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Silk Ribbon Weaving in Coventry

By 1821 there were 5,000 ribbon weavers in Coventry out of a population of 21,000. By 1841 there were 30,000 weavers in Coventry working on 3,500 plain and 2228 Jacquard looms. This influx of weavers caused major housing problems because of the wall that surrounded the city and because the weavers, who were freemen, had no rights over the ring of common land surrounding the city walls.

The area of Hillfields was created as a settlement outside of the city walls. This occurred in 1828 and Hillfields became the area for the most skilled craftsmen that Coventry had. Many factories were set up to manufacture ribbon on a more commercial basis but there were dissenting voices amongst the craftsmen. Indeed the first factory built to manufacture ribbon was burnt to the ground by the weavers. In the late 1850's peace was achieved and predominant amongst the peacemakers were the Cash brothers. Cash's labels continues to this day carrying out the same sort of ribbon and label making that it always has.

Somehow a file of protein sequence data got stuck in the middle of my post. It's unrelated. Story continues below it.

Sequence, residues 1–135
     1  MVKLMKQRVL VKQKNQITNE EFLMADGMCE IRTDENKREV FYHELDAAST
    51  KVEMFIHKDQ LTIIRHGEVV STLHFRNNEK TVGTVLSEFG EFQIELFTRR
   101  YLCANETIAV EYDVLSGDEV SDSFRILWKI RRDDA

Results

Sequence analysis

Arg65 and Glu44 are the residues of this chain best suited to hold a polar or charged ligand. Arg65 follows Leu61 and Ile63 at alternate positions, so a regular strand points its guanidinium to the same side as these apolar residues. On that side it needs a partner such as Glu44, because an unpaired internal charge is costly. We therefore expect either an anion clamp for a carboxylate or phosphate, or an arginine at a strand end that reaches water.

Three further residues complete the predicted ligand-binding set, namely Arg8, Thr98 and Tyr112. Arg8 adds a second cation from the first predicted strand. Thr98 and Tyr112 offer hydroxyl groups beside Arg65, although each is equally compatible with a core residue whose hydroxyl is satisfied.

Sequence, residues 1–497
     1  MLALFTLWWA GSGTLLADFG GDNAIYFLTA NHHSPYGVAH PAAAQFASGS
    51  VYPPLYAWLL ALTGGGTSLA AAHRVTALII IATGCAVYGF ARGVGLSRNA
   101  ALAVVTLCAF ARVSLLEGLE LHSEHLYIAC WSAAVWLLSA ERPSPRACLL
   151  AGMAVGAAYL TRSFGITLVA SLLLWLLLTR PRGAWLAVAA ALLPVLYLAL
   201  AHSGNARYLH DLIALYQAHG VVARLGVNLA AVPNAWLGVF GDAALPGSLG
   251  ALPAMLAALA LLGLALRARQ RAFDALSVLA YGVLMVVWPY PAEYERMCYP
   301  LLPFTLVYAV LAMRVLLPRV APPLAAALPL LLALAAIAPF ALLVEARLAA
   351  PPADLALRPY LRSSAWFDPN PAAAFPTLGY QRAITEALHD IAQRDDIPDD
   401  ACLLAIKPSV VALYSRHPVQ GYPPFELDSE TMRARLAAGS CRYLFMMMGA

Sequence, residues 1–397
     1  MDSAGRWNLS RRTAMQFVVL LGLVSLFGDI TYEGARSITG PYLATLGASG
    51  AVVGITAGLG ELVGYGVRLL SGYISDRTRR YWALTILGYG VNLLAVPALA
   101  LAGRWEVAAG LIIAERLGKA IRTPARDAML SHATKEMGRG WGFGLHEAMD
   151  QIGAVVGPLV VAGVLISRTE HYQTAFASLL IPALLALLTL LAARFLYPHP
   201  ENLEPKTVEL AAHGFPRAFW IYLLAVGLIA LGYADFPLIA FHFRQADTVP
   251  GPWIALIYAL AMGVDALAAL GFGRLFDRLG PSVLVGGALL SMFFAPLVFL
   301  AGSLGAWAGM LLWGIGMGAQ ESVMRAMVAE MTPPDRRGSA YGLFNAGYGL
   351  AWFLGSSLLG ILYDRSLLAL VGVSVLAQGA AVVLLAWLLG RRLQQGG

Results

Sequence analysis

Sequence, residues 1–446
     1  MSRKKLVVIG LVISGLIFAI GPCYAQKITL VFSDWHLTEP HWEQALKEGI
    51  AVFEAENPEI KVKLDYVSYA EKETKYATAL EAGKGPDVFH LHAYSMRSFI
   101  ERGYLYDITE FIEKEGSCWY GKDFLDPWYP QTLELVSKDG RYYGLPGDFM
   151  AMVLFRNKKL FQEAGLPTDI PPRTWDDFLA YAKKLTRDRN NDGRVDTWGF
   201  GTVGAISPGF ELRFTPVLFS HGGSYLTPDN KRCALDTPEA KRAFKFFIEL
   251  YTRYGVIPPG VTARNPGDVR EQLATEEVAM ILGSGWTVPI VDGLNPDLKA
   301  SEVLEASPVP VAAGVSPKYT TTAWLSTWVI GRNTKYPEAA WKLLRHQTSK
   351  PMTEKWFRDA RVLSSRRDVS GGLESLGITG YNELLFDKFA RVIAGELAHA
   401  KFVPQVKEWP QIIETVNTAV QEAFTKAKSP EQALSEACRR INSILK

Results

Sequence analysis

By 1860 the industry had collapsed because of cheap imports. Many of the weavers emigrated to the colonies. J.J Cash still exists in Coventry.